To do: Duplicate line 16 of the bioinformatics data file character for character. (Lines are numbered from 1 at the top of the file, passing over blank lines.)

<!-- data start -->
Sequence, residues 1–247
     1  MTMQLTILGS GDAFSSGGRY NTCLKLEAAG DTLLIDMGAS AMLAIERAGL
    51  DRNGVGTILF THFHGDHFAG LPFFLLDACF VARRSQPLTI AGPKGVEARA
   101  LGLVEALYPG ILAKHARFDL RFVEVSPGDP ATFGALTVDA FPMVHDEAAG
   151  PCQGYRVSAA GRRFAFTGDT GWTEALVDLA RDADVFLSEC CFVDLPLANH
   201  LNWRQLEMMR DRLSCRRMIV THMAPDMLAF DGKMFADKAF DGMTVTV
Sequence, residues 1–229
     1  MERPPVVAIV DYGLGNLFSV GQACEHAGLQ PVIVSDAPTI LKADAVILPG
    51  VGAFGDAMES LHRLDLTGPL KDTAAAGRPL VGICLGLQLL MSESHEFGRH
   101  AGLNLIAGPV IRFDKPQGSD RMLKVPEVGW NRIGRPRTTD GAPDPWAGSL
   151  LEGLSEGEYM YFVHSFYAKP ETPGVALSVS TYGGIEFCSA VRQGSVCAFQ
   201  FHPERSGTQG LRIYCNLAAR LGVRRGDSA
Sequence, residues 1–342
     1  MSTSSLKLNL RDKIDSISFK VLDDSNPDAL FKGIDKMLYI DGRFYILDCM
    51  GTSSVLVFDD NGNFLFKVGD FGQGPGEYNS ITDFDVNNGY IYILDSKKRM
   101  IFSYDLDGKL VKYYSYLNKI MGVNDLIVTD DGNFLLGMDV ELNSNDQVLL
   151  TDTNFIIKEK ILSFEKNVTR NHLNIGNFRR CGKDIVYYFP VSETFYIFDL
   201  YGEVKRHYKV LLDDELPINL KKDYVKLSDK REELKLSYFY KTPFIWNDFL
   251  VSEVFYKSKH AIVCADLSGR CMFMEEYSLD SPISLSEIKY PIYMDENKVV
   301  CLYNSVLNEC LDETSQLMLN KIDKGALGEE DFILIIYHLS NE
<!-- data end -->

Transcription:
   101  IFSYDLDGKL VKYYSYLNKI MGVNDLIVTD DGNFLLGMDV ELNSNDQVLL